The combined efforts of NYGS and NParks saw a trash load of of 235kg were collected during the ICCS conducted at Berlayar Creek mangrove in Labrador Park this morning.
Despite having to wake up super early on a weekend morning, the group of enthusiastic volunteers set off at 6.30am for trash collecting and data collection. Most of the volunteers felt that such meaningful activity should be conducted more frequently on a regular basis!
See results here.
Toh Yuet Hsin
Site Captain, Berlayar Creek Mangrove
ICCS South Zone
On the early morning of 27 May during low tide, Yuet Hsin (our new Otter from Nparks and Site Captain for Berlayar Creek) plus Siva and myself went to the creek at Labrador Nature Reserve for a site recce!
First thing we had to do was to climb down a rocky slope to get into the mouth of the creek – which we gals took a while to do to the amusement of Siva!
The site did not have as much trash as we expected, but still there were abandoned fishing cages, nets, wires and cables dispersed along the approximately 1km stretch. As we waded deeper into the creek, the mud got softer and we felt it would be a challenge for layman who are not familiar treading in mud. Furthermore, there would be difficulty getting the trash out since most areas leading to land had already been fenced up. Hence, we decided to just tackle the mouth for this year’s ICCS and when the boardwalk by URA is ready end of 2010, we can clear further in next year with the better accessibility.
We had to squeeze our way out back to solid land via a barb-wired small hole in the fence but oh! we saw flowering sea hibiscus and Siva spotted 2 white bellied eagle hovering in the clear blue sky! Nice.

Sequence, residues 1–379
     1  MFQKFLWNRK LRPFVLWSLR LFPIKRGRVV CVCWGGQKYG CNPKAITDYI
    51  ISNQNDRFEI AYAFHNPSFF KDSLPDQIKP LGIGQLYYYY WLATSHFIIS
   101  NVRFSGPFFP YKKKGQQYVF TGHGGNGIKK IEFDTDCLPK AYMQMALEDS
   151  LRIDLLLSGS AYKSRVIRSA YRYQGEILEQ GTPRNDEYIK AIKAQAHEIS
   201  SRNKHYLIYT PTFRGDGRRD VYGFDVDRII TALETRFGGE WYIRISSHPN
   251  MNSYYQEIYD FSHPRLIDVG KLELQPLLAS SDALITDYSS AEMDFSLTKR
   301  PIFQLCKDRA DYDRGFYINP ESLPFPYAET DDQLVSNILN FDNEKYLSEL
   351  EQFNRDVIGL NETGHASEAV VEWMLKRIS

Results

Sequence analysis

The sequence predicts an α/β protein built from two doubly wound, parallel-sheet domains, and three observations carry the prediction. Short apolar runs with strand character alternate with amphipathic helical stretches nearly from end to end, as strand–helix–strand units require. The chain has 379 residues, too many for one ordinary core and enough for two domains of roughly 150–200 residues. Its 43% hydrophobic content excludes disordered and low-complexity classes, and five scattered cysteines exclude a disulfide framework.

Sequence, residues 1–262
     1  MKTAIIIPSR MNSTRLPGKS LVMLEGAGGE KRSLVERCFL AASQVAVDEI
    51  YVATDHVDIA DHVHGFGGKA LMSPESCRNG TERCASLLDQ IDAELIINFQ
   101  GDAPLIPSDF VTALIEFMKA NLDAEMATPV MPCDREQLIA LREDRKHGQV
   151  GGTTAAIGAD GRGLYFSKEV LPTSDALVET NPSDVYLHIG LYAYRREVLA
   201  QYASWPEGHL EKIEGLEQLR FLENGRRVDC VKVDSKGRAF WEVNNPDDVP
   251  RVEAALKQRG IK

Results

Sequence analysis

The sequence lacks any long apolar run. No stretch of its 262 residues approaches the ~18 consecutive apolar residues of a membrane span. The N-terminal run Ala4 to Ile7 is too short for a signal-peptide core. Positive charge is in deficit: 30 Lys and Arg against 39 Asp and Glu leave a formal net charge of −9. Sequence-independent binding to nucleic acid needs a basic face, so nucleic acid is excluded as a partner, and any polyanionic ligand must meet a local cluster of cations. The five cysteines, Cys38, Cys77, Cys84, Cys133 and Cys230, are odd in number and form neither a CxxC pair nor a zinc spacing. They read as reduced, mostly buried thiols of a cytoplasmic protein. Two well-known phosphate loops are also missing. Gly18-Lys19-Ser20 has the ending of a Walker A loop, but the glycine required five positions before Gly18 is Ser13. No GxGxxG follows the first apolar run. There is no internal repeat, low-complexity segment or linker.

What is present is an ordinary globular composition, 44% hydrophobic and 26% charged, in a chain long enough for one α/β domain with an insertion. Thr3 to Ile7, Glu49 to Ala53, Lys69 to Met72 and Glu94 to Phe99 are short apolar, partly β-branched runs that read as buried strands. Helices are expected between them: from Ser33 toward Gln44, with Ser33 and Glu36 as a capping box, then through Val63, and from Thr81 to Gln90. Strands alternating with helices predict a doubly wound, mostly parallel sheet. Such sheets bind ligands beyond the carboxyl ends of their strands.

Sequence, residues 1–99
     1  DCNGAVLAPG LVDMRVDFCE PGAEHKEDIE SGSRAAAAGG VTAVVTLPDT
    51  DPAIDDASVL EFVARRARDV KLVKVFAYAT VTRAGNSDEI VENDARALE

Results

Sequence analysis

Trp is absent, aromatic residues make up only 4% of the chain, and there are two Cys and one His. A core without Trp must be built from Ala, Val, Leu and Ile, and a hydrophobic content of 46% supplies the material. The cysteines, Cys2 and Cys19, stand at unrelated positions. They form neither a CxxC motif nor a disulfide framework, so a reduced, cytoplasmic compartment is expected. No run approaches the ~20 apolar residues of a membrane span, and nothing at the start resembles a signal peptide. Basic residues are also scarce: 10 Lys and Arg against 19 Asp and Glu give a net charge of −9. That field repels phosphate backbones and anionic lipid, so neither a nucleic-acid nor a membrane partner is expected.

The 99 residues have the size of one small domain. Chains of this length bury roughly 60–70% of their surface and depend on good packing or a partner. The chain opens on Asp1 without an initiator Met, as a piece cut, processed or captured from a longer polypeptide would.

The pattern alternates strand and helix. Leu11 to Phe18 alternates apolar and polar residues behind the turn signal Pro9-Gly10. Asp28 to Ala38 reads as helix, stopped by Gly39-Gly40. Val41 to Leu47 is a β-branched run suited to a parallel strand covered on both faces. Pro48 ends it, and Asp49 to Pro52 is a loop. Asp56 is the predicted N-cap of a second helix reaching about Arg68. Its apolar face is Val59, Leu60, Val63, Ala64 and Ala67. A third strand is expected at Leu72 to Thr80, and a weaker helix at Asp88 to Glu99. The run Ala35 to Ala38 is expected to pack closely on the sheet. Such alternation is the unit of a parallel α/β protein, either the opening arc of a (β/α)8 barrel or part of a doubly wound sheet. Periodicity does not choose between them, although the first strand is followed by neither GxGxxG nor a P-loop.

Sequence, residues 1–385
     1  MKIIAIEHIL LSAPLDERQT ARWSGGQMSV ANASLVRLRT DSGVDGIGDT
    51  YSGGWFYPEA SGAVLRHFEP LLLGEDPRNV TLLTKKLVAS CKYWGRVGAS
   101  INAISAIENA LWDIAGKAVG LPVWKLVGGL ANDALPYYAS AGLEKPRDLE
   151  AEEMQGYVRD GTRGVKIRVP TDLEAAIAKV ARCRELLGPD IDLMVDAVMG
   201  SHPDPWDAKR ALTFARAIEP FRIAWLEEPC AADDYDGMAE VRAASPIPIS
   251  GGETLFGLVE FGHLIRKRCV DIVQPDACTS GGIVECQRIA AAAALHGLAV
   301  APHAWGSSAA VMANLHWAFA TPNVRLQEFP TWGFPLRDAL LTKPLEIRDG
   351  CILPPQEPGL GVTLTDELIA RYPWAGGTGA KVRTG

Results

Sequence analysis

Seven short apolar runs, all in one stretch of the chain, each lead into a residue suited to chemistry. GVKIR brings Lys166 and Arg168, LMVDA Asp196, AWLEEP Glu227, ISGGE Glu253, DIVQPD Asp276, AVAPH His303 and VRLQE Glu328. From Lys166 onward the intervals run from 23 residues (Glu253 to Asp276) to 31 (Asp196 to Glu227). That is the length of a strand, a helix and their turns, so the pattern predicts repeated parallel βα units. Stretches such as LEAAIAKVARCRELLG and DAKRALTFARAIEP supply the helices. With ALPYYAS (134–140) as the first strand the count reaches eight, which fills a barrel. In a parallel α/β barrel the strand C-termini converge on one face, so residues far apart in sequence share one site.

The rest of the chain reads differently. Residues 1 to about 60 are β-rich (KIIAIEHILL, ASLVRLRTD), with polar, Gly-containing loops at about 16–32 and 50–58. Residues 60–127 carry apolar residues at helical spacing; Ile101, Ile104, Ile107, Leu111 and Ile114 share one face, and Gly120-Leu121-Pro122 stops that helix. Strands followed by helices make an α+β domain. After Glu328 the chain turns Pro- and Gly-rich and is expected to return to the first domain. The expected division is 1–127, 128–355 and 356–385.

We went to clean up the beach at Labrador Park today and it was a fascinating experience. When we first arrived, we saw a lot of rubbish on the sand.
We grouped ourselves into threes and worked together to clean up the beach and collect data. In each group, one of us carried a big trash bag to stuff the rubbish in, another wore gloves and picked up the rubbish and the third recorded the different items found.
We found a variety of waste items, from very common plastic bottles and styrofoam bits to unusual things such as small porcelain figures and brooms. Some rubbish was entangled in seaweed, but thankfully we encountered no dead animals.
The only little creatures we saw were spiders in their webs under the bridge and sand flies hovering over the trash and rotting waste. The little crabs were probably hiding in the small deep holes which we noticed all over the shore.
Everyone definitely looked like they had fun picking the trash. After clearing up the trash scattered on the beach, the beach looks much more appealing than before. It feels great to see that we could personally make a difference in having a cleaner environment.
River Valley High School
Posted via email from International Coastal Cleanup Singapore